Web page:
Today's nonfiction post is on The Art of Memoir by Mary Karr. It is 256 pages long and is published by HarperCollins. The cover is white with the title in red and black. The intended reader is someone who wants to learn more about writing memoirs and writing in general. There is descriptions of sex, violence, and lots of language in this book. There Be Spoilers Ahead.
From the jacket- Credited with sparking the current memoir explosion, Mary Karr’s The Liars’ Club spent more than a year at the top of the New York Times list. She followed with two other smash bestsellers: Cherry and Lit, which were critical hits as well.
For thirty years Karr has also taught the form, winning graduate teaching prizes for her highly selective seminar at Syracuse, where she mentored such future hit authors as Cheryl Strayed, Keith Gessen, and Koren Zailckas. In The Art of Memoir, she synthesizes her expertise as professor and therapy patient, writer and spiritual seeker, recovered alcoholic and “black belt sinner,” providing a unique window into the mechanics and art of the form that is as irreverent, insightful, and entertaining as her own work in the genre.
Anchored by excerpts from her favorite memoirs and anecdotes from fellow writers’ experience, The Art of Memoir lays bare Karr’s own process. (Plus all those inside stories about how she dealt with family and friends get told— and the dark spaces in her own skull probed in depth.) As she breaks down the key elements of great literary memoir, she breaks open our concepts of memory and identity, and illuminates the cathartic power of reflecting on the past; anybody with an inner life or complicated history, whether writer or reader, will relate.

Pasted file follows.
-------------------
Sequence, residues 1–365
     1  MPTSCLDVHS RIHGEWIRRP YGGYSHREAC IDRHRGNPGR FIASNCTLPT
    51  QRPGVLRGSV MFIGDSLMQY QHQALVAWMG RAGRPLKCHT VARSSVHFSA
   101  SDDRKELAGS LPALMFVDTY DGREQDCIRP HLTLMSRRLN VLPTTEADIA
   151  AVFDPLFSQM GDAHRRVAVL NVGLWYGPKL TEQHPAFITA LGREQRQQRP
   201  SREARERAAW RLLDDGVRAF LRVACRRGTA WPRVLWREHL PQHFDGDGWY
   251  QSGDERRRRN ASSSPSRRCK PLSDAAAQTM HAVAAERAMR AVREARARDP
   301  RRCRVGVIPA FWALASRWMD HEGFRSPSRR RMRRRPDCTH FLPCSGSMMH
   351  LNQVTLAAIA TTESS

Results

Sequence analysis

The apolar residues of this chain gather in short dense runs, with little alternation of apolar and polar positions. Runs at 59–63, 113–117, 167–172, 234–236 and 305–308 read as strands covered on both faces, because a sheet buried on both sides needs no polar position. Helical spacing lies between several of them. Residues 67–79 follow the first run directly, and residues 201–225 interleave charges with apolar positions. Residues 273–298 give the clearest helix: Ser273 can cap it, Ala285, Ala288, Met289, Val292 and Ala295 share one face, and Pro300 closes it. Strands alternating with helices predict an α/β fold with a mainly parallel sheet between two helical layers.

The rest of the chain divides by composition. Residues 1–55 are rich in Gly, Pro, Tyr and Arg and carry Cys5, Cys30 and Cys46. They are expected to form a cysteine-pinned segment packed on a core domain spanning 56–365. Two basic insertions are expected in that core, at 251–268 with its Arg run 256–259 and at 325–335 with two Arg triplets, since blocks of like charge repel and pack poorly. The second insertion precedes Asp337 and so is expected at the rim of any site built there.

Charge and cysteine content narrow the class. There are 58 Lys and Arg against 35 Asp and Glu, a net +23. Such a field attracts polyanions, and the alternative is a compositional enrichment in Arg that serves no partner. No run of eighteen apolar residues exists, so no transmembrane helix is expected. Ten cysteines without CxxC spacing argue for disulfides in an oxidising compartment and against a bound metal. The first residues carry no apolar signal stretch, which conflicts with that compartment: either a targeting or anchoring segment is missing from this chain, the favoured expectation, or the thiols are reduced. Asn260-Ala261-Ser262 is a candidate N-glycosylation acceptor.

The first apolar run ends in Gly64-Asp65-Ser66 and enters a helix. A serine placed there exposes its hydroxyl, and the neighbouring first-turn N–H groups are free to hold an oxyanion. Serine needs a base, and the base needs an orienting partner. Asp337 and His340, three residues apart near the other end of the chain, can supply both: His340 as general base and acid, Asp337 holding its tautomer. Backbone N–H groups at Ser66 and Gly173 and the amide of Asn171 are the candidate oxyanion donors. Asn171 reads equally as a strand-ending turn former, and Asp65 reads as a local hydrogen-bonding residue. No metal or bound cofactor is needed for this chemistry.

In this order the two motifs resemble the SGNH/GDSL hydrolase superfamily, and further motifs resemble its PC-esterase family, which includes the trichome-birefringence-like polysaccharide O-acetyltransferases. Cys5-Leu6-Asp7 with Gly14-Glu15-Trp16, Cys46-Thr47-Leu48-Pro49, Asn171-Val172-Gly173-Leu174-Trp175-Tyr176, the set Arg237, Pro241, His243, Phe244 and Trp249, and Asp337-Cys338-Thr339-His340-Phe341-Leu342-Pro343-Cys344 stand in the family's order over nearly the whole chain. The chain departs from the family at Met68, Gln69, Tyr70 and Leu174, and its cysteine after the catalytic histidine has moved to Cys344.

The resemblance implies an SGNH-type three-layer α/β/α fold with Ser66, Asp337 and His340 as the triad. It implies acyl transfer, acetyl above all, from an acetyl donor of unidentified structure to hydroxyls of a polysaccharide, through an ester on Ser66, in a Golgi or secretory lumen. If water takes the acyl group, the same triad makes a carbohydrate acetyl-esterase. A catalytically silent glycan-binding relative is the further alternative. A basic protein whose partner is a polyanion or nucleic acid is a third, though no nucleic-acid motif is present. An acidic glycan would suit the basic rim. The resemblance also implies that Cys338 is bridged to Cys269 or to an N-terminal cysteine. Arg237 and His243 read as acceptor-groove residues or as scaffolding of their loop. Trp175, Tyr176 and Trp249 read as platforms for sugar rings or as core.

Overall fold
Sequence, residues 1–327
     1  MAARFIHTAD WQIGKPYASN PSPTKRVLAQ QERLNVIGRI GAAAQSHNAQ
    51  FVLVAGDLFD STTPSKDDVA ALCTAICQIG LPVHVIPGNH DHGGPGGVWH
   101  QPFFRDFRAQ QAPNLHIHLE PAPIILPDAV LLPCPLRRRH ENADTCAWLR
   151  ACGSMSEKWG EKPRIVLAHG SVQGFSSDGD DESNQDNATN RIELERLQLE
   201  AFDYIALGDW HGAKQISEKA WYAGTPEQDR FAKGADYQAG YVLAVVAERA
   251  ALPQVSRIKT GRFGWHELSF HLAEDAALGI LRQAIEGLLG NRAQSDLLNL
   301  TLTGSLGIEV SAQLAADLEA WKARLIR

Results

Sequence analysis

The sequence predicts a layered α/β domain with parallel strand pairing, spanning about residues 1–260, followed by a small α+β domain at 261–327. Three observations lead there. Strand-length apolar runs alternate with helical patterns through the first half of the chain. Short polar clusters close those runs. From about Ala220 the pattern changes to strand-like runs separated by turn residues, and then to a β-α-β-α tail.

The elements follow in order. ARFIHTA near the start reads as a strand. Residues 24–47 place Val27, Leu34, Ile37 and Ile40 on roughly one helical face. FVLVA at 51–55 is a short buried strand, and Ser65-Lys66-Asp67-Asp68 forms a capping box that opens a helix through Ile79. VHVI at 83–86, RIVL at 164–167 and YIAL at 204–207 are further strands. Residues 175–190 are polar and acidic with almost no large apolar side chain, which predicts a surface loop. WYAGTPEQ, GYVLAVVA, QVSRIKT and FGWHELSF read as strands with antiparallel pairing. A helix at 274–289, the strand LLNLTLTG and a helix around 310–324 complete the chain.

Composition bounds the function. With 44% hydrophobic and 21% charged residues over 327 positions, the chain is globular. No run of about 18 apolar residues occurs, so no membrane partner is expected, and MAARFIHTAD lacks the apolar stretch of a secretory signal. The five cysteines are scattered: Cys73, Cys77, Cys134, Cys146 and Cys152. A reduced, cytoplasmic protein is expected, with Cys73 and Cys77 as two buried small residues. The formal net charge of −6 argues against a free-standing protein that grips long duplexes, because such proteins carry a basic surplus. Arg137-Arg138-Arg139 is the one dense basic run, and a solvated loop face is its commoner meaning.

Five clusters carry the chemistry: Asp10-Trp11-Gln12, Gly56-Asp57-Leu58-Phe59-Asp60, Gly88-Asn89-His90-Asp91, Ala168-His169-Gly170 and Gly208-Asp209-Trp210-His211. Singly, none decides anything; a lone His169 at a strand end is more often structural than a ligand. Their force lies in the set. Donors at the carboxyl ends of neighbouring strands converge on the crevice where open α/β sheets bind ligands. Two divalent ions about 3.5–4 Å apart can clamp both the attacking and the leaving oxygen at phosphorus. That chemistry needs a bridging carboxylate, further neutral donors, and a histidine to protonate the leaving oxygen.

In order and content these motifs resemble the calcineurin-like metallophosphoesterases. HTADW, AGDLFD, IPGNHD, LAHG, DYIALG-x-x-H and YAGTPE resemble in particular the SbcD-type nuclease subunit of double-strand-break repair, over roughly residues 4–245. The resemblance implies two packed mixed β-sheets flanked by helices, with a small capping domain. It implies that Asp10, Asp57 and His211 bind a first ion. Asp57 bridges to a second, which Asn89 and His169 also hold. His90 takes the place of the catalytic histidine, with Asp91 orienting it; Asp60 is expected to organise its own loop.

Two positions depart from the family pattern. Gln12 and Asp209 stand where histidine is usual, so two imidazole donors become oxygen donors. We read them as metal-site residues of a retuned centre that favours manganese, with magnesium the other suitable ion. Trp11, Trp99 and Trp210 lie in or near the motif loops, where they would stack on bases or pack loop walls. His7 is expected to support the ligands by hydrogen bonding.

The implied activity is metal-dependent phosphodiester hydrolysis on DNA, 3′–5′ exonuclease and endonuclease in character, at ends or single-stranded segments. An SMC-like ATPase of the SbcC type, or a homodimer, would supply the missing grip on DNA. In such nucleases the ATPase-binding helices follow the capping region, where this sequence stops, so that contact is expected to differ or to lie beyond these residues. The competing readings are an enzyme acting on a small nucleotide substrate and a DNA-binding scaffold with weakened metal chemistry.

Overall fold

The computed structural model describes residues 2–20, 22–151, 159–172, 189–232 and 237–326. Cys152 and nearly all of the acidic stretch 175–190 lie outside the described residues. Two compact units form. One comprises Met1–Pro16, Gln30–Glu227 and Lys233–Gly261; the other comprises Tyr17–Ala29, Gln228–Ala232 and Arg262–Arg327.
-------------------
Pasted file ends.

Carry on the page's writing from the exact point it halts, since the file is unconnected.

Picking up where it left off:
Joining such classics as Stephen King’s On Writing and Anne Lamott’s Bird by Bird, The Art of Memoir is an elegant and accessible exploration of one of today’s most popular literary forms—a tour de force from an accomplished master pulling back the curtain on her craft.
Review- When Karr is writing about writing I really liked this book but when she moves to everything else in this book it gets really boring. I do understand wanting to examine the works of other writers and what they do right. But that is about 75% of the book and it gets really boring. Karr does give some good writing exercises but those are few and far between. It was hard to not skim large parts of this book. I did enjoy when Karr was talking about the struggles with what to write, how accurate her memory is, and dealing with the real people that she is writing about.
I give this book a Two out of Five stars. I was given this book by HarperCollins in exchange for an honest review.